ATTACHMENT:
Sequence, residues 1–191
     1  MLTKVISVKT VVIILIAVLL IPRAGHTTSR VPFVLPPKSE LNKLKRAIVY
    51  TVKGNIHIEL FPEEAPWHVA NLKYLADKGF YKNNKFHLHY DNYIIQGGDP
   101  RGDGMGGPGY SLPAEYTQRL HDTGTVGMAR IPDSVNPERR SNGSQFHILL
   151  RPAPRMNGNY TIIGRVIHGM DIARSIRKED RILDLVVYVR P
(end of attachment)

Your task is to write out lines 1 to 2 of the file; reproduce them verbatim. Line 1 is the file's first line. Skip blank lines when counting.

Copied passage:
Sequence, residues 1–191
     1  MLTKVISVKT VVIILIAVLL IPRAGHTTSR VPFVLPPKSE LNKLKRAIVY